not be recommended due to lack of data [23,24] . More recently Neurology published an article comparing nine commonly used scales, as shown in Table 1. This study revealed that, while all of the above scales, except the Unified Parkinson’s Disease Rating Scale Part 1, had some diagnostic utility, the 30-Item Geriatric Depression Scale (GDS-30) was the most useful in the clinical setting. Though the BDI was very similar to the GDS-30 in regard to accuracy, the GDS-30 was shorter and has no copyright  . Treatment The challenge does not end after recognition and diagnosis of depression as there are several approaches toward its treatment. If patients experience depressed mood solely related to the ‘wearing off’ phenomenon, adjusting PD medications to smooth fluctuations may suffice. This may include addition of a dopamine agonist  . There is evidence to support the notion that dopamine agonists, in particular pramipexole, may have antidepressant efficacy above and beyond their ability to improve fluctuations  . This led the MDS to recommend its use in their 2011 task force review  . An antidepressant is indicated for the treatment of a depressive disorder (characterized by pervasive depressed mood and other associated symptoms). Several studies of antidepressant medications have had inconclusive results or demonstrated marginal successes, but most have had small sample sizes. In 2012, Richard et al.  published results from the SAD-PD trial using paroxetine, a selective serotonin reuptake inhibitor (SSRI), and venlafaxine extended release, a serotonin norepinephrine reuptake inhibitor (SNRI), for dPD management. This was a multi-center, double-blind, randomized and placebo-controlled study. Prior studies had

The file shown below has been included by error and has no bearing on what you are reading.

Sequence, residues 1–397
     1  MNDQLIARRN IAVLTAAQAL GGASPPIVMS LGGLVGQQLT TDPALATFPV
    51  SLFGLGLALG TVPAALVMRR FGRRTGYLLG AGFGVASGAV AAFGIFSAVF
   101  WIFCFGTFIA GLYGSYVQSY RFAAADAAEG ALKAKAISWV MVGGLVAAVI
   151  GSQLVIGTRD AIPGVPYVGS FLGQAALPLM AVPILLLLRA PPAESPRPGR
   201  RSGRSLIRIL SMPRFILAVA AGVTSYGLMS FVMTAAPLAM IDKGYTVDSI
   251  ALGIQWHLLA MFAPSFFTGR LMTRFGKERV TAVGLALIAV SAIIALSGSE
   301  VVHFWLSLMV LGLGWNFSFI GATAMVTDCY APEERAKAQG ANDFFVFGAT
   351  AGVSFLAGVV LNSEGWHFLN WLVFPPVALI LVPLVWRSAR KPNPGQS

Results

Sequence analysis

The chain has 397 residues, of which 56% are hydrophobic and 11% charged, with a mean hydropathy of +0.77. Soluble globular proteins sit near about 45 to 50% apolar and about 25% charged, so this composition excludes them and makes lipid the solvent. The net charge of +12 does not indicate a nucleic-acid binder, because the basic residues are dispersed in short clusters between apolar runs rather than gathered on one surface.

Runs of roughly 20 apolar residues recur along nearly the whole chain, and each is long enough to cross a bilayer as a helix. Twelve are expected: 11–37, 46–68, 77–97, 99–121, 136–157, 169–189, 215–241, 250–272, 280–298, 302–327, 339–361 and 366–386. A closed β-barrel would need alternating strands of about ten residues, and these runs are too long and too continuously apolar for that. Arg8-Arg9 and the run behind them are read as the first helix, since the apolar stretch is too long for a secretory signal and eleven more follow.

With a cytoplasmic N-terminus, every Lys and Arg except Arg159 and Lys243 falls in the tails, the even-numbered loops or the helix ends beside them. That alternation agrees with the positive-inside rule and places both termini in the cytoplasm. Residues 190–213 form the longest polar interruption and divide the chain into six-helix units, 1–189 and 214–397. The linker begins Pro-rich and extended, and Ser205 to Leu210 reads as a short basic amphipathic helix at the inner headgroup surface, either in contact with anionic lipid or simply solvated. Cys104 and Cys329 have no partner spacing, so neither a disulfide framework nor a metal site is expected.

Table 1. Depression rating scales commonly used in Parkinson’s disease. Self-administered
BDI CESD-R GDS-30 IDS-SR PHQ-9 UPDRS-I
HAM-D IDS-C MADRS
BDI: Beck Depression Inventory; CESD-R: Center for Epidemiologic Studies Depression Rating Scale-Revised; GDS-30: 30-Item Geriatric Depression Scale; HAM-D: 17 Item Hamilton Depression Rating Scale; IDS-C: Inventory of Depressive Symptoms-Clinician; IDS-SR: Inventory of Depressive Symptoms-Patient; MADRS: Montgomery-Asberg Depression Rating Scale; PHQ-9: Patient Health Questionnaire 9; UPDRS-I: Unified Parkinson’s Disease Rating Scale Part 1. Data taken from .
Neurodegen. Dis. Manage. (2014) 4(4)
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Managing depression in Parkinson’s patients: risk factors & clinical pearls suggested that tricyclic antidepressants (TCAs) were effective, perhaps more so than the SSRIs [30,31] . There had been no large-scale studies of the newer SNRI antidepressants. There had also been concerns that SSRIs may worsen parkinsonian motor function. The SAD-PD trial demonstrated that paroxetine and venflaxine were each more effective than placebo when comparing change in mean HAM-D scores after 12 weeks of treatment. However, when comparing the percentage of responders (subjects achieving at least 50% reduction in HAM-D score) and remitters (subjects achieving a final HAM-D score